R.J had fun pressing his first elongated coin at this years show while modeling his cool Car slippers for the camera. As you can see he was very proud of his creation, so I decided to memorialize the occasion in photographs. R.J. loved his new squished penny, almost as much as his cool car slippers! Yes, I know my fellow numismatics dislike the term “squished”. But, I decided not to argue that point with my new friend R.J. Because squishing pennies was just how he
*R.J's father signed my video consent and a star was born. :) R.J. can be seen in the second video "squishing" his penny.
Oahu railways honored with EC series Posted on March 27, 2012 by NMN
The Oahu Railway & Land Company, the Oahu Sugar Company and the Hawaiian Railway are honored in a new set of elongated coins: Series III in the Historic Railroads of Hawaii Series. Continuing reading at the Source Numismatic News
Georgia Numismatic Association Coin Show set for April 27-29 at the Northwest Georgia Trade & Convention Center in Dalton, Ga. Show attendees will receive a free elongated cent featuring the Gatling gun. The elongated cents will be rolled on site by Vicky and Lee Bowser of Alexander, Ariz.
Source Numismatic News
Elongated marks ANA event Posted on September 14, 2009
Michigan’s Ray Dillard was on hand at the Los Angeles event wearing his familiar blue sport jacket and with his machine. Dillard’s table is a popular stop on the bourse floor in the club area as many attendees take the opportunity to see how the elongateds are made and perhaps even roll one for themselves. Continue reading this article at Numismatic News
Scouting Elongateds available Posted on July 21, 2008
Ray Dillard has made a special cent elongate honoring the Order of the Arrow, the Boy Scouts of America honor camper society. He created it for a National Order of the Arrow Conference that took place in late July on the Michigan State University campus in East Lansing, Mich.
Dillard made four-piece sets of cent, nickel, dime and quarter elongates, in addition to the giveaway cents.
The Order of the Arrow was founded by Dr. E. Urner Goodman and Carroll A. Edson in 1915 and currently has about 176,000 members. Its purpose is to promote camping and recognize those campers who best exemplify the Boy Scout oath and law in their daily lives.
Continue reading this article at Numismatic News
Is it legal?
The process of creating elongated coins is legal in the United States, almost all parts of Japan, South Africa and parts of Europe.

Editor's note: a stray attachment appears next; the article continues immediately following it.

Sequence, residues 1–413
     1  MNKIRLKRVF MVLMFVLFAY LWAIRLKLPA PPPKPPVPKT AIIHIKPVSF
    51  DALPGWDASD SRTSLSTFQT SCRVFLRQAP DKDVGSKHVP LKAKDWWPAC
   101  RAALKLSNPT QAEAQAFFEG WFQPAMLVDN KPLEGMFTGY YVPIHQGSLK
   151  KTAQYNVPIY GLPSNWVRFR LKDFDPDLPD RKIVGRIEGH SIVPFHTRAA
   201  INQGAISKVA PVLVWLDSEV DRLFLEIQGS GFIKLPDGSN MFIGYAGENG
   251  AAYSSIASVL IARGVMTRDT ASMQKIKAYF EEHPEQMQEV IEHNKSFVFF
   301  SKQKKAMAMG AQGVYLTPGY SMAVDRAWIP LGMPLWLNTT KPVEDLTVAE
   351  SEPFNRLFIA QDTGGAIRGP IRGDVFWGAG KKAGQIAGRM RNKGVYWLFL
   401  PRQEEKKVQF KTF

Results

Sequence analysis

United States (YES): In the United States, U.S. Code Title 18, Chapter 17, Section 331 prohibits "the mutilation, diminution and falsification of United States coinage." The foregoing statute, however, does not prohibit the mutilation of coins, if the mutilated coins are not used fraudulently, i.e., with the intention of creating counterfeit coinage. Because elongated coins are made mainly as souvenirs, mutilation for this purpose is legal.
Canada (NO): Section 11(1) of the Currency Act states that "no person shall, except in accordance with a license granted by the Minister [Minister of Finance], melt down, break up or use otherwise than as currency any coin that is current and legal tender in Canada." Furthermore, Section 456 of the Criminal Code of Canada makes it a criminal offense to deface circulation coins: "Every one who: (a)defaces a current coin, or (b)utters a current coin that has been defaced, is guilty of an offense punishable on summary conviction." The offense is not dependent on fraudulent intent.
Hence why in countries where such mutilation is illegal, such as Canada, blank planchets, slugs, or U.S. cents are occasionally used, though this law is often ignored both by the users of the machine and law enforcement. This method is also often used in countries, such as Australia, which no longer has a one cent (or equivalent) coin.
United Kingdom (YES): It is legal to elongate coins in the UK for the same reasons at it is legal in the US. In the UK, the Coinage Offenses Act of 1936 prohibited the defacement of any current coins. This was repealed in its entirety by the Forgery and Counterfeiting Act of . 1981, thus removing the prohibition on coin defacement.
Posted on January 11, 2012 by Alan Herbert
Excerpt From Numismatic News
You’ve mentioned several times that it is legal to make such things as elongated coins and even coin jewelry. But is this true for gold coins?
At one time it was illegal, but current law generally ignores the question of whether or not a coin contains any bullion, the prohibitions centering upon “fraudulent” alteration of the coin. This is why you can see gold coins made into watches or soldered into jewelry. The Secret Service in 1971 announced that it was illegal to mutilate gold, whether soldered, holed, trimmed or altered. However, the ruling did not apply to foreign imports, so it was unworkable.
What was the purpose of the law passed in the early 1900s prohibiting the defacing of coins?
The law was the direct outgrowth of the then-current craze for love tokens. So many coins were being altered that the Treasury decided they needed a law to prohibit the practice, as well as the elongating of coins and making coin jewelry. The law was rescinded in 1909 after most of the activity had stopped.
Source Numismatic News
The Elongated Collectors If you love elongates, then TEC is the club for you! TEC hosts their annual meeting at the American Numismatic Association's World of Money convention each year. Members are encouraged to gather throughout the year at "mini-meets" in various parts of the country to visit with one another, compare collections, trade duplicates, and go on "squishin' missions.
The Penny Collector advertises itself as the site for the "serious collector". It offers a listings of machines throughout the country and the world, coins for sale, and information on trading.
Yahoo Elongated Coin Discussion Group is open to all elongated collectors. You can find new location reports, negotiate trades and ask questions from fellow "list members". This is a great place to keep in touch with other elongated collectors.
U.K. Pennies is THE site that lists all the Elongated Pennies available in the United Kingdom and around the world. If you're looking for a new elongated collectible. This website can probably tell you where to find it. Their link list is pretty impressive. :)